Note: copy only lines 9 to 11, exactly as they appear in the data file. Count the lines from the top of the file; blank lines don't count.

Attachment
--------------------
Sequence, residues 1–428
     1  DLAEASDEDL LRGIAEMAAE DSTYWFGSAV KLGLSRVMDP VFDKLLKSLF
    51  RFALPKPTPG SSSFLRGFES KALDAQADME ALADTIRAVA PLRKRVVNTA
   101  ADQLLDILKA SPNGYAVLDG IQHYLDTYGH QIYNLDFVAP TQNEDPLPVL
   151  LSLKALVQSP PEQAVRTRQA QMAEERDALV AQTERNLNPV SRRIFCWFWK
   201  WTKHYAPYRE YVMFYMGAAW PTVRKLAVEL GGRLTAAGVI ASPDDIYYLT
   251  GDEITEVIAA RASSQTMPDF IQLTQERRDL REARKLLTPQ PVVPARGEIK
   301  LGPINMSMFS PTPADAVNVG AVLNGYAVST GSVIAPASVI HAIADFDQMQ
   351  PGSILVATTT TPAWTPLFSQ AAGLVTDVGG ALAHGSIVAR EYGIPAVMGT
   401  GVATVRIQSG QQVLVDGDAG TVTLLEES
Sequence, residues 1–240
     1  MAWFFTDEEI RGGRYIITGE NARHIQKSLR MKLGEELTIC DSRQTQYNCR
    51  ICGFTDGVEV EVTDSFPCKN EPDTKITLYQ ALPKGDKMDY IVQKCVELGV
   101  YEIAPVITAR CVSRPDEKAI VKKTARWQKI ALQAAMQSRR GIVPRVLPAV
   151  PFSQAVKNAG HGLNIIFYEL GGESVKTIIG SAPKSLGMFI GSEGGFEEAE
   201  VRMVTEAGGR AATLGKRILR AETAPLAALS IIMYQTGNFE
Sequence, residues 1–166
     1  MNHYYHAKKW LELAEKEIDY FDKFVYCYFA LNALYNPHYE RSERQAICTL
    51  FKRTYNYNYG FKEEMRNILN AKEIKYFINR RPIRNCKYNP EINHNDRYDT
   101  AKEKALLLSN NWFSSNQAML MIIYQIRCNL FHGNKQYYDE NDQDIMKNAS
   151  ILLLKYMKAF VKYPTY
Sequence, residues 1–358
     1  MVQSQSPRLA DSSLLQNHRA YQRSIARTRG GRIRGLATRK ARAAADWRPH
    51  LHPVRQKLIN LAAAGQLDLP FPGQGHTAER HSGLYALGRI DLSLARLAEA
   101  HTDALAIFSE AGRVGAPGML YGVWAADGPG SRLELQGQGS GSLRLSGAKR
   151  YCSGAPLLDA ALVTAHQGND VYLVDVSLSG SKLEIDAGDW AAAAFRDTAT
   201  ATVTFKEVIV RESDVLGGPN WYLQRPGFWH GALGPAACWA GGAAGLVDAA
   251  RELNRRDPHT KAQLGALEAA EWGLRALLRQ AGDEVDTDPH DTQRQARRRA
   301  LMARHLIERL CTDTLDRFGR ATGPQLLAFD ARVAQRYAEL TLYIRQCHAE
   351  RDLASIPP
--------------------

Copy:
   351  PGSILVATTT TPAWTPLFSQ AAGLVTDVGG ALAHGSIVAR EYGIPAVMGT
   401  GVATVRIQSG QQVLVDGDAG TVTLLEES
Sequence, residues 1–240